EDITORIAL - Jamaica's fiscal cliff
Judging from last Sunday evening's hunky-dory speech by Prime Minister Portia Simpson Miller, our Government may not have noticed that Jamaica is hanging precariously over, according to the American coinage, a fiscal cliff.
Or, the PM has deliberately chosen to ignore the reality and sell Jamaicans a false sense of security. In the absence of ignorance of the facts, that can be the only explanation of the prime minister's failure to engage Jamaicans frankly on the difficult choices facing the country.
It is widely known that Jamaica has a debt of more than J$1.6 trillion - and rising. Each year, the Government allocates around 60 per cent of its Budget to pay the principal and interest of this debt. Indeed, all the money the Government collects in taxes and grants is barely sufficient to service the debt, with a little left over to contribute less than a fifth of the salaries of public-sector workers.
The Government usually borrows to meet the rest of its expenses. It also borrows to pay debts that fall due. In the jargon of the financial markets, it is usually referred to as a rollover, which, in Jamaica's worsening economic situation, is increasingly difficult to do.
It is this situation that confronts the Government.
On February 22, a government bond of US$287 million (J$26.7 billion) falls due. It will have to be repaid, or rolled over. In the former scenario, it will likely require the administration to dip into its net international reserves, pushing the NIR - which has declined sharply in the past year - precariously below the US$1-billion mark for the first time in well over a decade. Or, in an absence of an agreement with the International Monetary Fund, giving the Fund's seal of good housekeeping, Jamaica will have to scramble about for lenders willing to risk their cash on a borrower struggling to stay afloat.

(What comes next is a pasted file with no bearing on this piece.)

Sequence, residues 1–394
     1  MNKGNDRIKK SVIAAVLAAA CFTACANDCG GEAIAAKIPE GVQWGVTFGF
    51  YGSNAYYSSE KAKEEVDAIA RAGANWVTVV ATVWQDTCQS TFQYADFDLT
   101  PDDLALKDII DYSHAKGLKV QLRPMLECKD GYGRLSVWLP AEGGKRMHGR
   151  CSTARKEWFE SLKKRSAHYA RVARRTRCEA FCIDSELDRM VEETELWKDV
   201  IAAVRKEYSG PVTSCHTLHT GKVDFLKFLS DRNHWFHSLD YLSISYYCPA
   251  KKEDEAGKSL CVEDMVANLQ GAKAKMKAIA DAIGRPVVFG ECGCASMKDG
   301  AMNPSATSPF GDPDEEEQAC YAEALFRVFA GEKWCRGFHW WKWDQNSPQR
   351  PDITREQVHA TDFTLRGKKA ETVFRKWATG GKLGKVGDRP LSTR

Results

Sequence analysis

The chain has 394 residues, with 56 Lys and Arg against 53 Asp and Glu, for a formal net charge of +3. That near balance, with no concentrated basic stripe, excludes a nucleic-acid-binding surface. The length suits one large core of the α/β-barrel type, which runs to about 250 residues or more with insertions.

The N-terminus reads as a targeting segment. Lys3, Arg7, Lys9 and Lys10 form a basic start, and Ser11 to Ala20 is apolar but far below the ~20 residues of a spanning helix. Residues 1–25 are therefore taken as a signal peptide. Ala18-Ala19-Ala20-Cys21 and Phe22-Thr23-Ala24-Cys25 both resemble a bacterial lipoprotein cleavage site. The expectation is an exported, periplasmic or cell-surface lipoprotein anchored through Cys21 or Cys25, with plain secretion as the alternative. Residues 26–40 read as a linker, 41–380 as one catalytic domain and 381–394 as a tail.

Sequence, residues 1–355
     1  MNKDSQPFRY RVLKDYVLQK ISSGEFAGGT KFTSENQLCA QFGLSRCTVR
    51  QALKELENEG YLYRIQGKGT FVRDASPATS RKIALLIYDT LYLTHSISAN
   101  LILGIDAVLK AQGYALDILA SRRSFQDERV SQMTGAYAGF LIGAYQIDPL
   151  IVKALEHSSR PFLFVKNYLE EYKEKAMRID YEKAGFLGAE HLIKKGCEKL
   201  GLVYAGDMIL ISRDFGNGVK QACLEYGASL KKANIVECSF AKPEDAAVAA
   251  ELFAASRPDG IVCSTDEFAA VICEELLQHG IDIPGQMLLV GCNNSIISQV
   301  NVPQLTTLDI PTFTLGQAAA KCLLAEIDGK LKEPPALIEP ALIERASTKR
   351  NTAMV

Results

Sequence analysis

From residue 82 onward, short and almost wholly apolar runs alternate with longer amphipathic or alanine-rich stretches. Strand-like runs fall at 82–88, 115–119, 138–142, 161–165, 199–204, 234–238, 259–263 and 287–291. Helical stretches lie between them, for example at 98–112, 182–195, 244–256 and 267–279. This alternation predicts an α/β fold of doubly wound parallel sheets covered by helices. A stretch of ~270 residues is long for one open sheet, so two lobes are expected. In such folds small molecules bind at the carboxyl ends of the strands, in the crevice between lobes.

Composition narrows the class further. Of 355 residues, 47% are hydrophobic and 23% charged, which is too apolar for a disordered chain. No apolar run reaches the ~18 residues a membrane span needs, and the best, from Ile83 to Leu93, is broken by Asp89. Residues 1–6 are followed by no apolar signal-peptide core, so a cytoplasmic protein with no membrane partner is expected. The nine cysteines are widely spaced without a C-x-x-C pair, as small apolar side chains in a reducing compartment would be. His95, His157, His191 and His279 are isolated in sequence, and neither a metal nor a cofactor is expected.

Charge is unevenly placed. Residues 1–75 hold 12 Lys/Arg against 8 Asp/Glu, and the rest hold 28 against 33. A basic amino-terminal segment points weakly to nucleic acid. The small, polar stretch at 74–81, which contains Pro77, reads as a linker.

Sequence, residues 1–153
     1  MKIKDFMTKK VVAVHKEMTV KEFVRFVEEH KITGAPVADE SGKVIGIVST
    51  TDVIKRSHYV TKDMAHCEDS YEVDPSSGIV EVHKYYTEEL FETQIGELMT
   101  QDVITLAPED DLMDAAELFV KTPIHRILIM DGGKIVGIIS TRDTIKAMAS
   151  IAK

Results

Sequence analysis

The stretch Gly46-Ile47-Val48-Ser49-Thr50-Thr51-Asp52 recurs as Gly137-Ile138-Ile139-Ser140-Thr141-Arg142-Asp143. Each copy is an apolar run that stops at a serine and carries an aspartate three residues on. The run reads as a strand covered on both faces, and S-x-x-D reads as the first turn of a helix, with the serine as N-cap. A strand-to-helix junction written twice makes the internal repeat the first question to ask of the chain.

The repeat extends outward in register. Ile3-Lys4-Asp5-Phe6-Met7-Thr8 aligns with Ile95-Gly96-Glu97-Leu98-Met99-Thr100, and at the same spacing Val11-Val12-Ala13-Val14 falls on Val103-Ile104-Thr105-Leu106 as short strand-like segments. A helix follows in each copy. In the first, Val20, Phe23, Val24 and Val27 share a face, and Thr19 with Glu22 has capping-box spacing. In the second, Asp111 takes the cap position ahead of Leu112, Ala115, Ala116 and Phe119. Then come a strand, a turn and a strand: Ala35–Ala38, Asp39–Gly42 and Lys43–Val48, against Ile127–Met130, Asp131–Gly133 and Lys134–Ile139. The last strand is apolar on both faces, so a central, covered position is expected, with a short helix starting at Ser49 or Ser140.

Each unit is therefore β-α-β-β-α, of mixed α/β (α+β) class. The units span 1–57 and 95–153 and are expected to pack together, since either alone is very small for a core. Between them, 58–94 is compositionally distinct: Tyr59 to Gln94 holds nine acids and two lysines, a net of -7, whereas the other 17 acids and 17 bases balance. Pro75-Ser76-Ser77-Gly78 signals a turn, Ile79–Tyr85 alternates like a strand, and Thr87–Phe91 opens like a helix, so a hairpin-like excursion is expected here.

But that US-dollar payment is not the only one the Government has to contend with in February. On the same day that this debt matures, another J$62.7-billion variable-rate bond also falls due.
The latter one, being a largely domestic instrument, would seem the easier to roll over, except for the likelihood of lenders demanding a greater risk premium on their money; that is higher rates.
The Government, however, is not without options. It can retire these debts, or portions thereof, and reduce its spending, which is precisely the oft-declared policy statement of the finance minister, Dr Peter Phillips: reducing the debt to manageable levels.
The specific proposals for doing this include:
- Lowering the Government's wage bill as a proportion of national output;
- Increasing the retirement age of government workers and causing them to contribute more to pensions;
- Removing the discretion of the finance minister to provide waivers on taxes, and improving the system to bring more people into the tax net; and
- Enhancing the efficiency of the public service.
Little has happened on these fronts, and no clear timetable has been articulated by the Government for their achievement. It is the responsibility of each member of the Cabinet to know the economic programme and its timetable for implementation. When the Cabinet retreats this week, its members should not emerge until this is clear.
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